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Br J Gen Pract. 2005 May 1; 55(514): 405.
PMCID: PMC1463174

From the journals, March–April 2005

N Engl J Med Vol 352

969 Maybe if UK hospitals had electronic records equal to ours in general practice, they could cut their rates of venous thromboembolism by 40%. This happened in an US trial of a computer alert for identifying high-risk surgical patients.

1061 Here is the study that proved celecoxib was not a safe alternative to rofecoxib. Both drugs were tried out for the prevention of colorectal adenoma, but both trials were stopped early because of an increased rate of cardiovascular morbidity and mortality – rofecoxib being the more dangerous (see page 1092).

1112 Serotonin reuptake inhibitors are relatively safe drugs on their own, but beware of combining them with other drugs such as synthetic opioids (e.g. tramadol), tricyclics, sumatriptan, valproate and St John's wort. The resulting serotonin syndrome is nasty and occasionally fatal.

1179 Expect more of your post-myocardial infarction patients to be taking clopidogrel as well as aspirin, following this trial showing improved outcomes after thrombolysis.

1206 The wee small hours are a low-risk time for myocardial infarction, unless you have obstructive sleep apnoea, in which case your risk increases threefold. This is reduced by continuous positive pressure ventilation (see Lancet page 1046).

1293 Gender protects women from cardiac events, but aspirin does not. It does, however, reduce their risk of stroke.

Lancet Vol 365

947 Confused by the drug treatment of Parkinson's disease? Here's a nice simple add-on drug for motor fluctuations — rasagiline — one daily at fixed dose. There's a handy guide to these drugs on page 914.

1159 A big trawl through all randomised controlled trials published in December 2000 finds that standards of reporting have hardly improved over 20 years.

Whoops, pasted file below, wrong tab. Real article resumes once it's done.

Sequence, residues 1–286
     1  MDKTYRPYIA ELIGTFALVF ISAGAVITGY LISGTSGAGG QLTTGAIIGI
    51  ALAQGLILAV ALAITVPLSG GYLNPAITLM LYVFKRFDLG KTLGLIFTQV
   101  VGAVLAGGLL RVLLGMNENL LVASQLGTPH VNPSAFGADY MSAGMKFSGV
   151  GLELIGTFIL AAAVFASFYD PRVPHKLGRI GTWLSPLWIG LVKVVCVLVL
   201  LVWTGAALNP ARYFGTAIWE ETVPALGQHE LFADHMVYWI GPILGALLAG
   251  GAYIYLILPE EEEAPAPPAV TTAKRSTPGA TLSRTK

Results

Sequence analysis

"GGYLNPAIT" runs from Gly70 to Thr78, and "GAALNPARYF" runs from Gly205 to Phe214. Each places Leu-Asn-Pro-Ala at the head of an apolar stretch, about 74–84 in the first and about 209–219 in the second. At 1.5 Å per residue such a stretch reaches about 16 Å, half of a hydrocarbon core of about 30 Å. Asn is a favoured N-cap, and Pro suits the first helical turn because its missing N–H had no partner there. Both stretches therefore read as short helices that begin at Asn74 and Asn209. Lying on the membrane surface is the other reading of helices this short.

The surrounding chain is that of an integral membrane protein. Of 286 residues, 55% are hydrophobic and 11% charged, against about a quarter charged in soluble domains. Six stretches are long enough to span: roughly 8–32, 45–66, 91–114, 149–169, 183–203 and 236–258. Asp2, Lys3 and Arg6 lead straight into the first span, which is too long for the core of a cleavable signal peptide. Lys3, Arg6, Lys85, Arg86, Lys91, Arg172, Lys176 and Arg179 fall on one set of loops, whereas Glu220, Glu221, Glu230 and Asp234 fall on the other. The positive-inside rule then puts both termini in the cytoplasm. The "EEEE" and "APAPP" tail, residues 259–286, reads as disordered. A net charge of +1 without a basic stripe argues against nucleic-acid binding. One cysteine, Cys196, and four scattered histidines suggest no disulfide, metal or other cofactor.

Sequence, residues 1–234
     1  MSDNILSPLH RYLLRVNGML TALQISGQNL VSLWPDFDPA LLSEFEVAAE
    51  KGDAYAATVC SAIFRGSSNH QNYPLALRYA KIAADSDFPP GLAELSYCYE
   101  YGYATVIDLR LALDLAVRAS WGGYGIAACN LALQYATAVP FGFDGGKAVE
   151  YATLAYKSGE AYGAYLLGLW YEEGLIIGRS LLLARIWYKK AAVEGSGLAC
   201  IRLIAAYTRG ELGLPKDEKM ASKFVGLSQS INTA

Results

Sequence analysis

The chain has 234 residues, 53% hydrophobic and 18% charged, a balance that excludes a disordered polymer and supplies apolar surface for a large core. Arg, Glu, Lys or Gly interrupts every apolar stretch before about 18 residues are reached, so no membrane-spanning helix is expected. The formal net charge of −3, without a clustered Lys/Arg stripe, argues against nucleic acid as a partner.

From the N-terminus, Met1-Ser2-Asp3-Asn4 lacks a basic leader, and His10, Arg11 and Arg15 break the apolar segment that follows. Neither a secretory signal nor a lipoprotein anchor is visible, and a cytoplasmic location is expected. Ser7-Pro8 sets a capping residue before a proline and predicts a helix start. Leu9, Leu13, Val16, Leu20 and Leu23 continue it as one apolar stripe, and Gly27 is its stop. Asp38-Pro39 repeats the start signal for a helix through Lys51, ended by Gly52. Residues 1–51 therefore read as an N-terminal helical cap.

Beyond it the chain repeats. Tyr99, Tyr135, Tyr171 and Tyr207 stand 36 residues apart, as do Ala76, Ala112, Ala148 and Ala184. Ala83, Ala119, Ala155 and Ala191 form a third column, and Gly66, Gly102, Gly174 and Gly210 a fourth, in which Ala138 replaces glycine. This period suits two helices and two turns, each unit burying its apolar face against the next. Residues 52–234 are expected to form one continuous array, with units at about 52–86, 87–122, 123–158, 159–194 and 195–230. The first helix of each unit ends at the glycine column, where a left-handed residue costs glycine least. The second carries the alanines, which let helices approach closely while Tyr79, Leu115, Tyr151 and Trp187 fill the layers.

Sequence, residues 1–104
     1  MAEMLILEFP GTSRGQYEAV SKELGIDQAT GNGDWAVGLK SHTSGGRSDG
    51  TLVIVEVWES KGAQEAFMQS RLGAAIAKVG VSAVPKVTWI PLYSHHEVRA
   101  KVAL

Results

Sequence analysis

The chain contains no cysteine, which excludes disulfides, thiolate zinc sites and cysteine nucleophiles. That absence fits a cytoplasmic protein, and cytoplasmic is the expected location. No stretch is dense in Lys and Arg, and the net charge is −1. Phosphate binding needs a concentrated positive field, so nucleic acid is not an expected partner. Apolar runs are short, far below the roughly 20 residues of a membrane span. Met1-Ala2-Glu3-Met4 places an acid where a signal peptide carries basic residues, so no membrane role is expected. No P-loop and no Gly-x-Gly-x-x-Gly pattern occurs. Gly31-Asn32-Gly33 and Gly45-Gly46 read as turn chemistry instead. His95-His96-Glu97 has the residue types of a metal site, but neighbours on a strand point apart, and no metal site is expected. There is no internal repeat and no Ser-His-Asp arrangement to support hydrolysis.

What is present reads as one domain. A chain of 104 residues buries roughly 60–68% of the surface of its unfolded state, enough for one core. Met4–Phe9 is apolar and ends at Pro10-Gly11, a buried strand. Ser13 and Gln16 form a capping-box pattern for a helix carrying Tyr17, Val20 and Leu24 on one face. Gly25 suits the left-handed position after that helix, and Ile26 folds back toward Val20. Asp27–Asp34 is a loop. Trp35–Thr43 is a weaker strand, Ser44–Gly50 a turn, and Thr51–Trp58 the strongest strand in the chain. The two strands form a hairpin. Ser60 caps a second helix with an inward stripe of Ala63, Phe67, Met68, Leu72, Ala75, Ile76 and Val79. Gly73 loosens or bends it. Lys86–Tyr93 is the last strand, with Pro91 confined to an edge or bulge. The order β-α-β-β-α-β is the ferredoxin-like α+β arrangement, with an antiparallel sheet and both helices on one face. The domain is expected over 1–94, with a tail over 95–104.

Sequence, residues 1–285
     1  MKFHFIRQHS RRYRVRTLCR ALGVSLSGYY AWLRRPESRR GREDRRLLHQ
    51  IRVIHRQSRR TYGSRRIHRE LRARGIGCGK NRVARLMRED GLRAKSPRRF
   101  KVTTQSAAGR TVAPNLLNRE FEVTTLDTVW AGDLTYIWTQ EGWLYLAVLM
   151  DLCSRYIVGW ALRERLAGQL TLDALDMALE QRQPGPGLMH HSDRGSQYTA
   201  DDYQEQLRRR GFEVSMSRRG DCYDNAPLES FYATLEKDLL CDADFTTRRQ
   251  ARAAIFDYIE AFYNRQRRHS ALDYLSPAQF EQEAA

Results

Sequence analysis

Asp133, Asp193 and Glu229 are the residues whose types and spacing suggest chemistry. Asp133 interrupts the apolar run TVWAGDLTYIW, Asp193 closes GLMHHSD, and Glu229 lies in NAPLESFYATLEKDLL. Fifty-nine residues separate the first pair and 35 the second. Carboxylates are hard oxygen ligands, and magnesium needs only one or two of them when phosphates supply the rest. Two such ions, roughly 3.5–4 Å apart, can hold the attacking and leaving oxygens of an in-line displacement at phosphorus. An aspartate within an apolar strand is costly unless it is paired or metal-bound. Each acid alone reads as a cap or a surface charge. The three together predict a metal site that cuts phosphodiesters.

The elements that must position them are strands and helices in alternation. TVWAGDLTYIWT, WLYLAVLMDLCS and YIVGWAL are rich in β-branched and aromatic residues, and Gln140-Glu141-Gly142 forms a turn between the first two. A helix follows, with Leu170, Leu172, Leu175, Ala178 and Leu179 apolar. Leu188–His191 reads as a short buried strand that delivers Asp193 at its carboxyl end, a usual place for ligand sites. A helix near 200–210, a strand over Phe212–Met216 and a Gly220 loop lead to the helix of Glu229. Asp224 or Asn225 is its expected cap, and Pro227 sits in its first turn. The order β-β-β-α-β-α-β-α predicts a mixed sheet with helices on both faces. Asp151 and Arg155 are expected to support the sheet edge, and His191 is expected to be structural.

1246 Sexual intercourse is a subject of interest to most teenagers, many of whom give it a try before 16 – especially if they are from an Afro–Caribbean background, less so if Asian. Similar patterns apply to the number of partners and sexually transmitted diseases in later life.

JAMA Vol 293

1223 Computerised clinical support systems succeed in getting doctors to follow rules, according to this big systematic review, but 52 trials fail to prove any benefit in patient outcomes.

1245 Will MRI replace mammography for population screening? Not likely, as it costs 10 times as much for lower specificity.

1329 In clinical trials, immediate invasive treatment provides the best outcomes in myocardial infarction, but this study shows that in real-life America, there is no difference in 7-year outcomes compared with optimal medical treatment.

1338 Analysis of data from the big HOPE trial seems to show that vitamin E may increase rates of cancer and cardiovascular disease.

1453 Healthcare professionals who become addicted and seek help in the US show a 75% rate of cure at 5 years, with little difference between major opioids, alcohol, or anything else, unless there is a family history or coexisting psychiatric illness.

Other Journals

An interesting study in Arch Intern Med (165: 574) linked laboratory and pharmacy databases to detect patients who had high TSH results but no subsequent prescription for thyroxine. There weren't very many. Ann Intern Med (142: 481) looked at rates of myocardial infarction in Quebec following prescription of various NSAIDs: only rofecoxib was associated with an increase. Thalidomide inhibits cytokine production, and a trial in 50 pancreatic cancer patients with cachexia showed improved appetite and reduced weight loss (Gut 54: 540). Many COPD patients benefit from combined steroid and salmeterol inhalers — and this can be detected within a few days (Thorax 60: 301). Neurology (64: 1047) goes to Honolulu to examine the association between milk intake and Parkinson's disease: high consumers had 2.3 times the risk. The Women's Health Study was trawled for associations between migraine and stroke: in women, only migraine with aura carries an increase in risk (page 1020). ‘Cripes, mate, couldn't ya get to the dunnee in time?’ is a question often heard in rural north Queensland, if we are to believe a study in Austral J Rural Health (13: 28) which credits this region with the world's highest reported rate of faecal incontinence. Logical thinking is out of fashion these days, since fuzzy thinking is often more helpful in real life. Fans of this approach will want to read ‘Schopenhauer's prologomenon to fuzziness’ in Fuzzy Optimization & Decision Making (3: 227).

Plant of the Month: Cephalaria gigantea

A massive straw-yellow cornflower, smelling of hay, and covered with drunken bees.


Articles from The British Journal of General Practice are provided here courtesy of Royal College of General Practitioners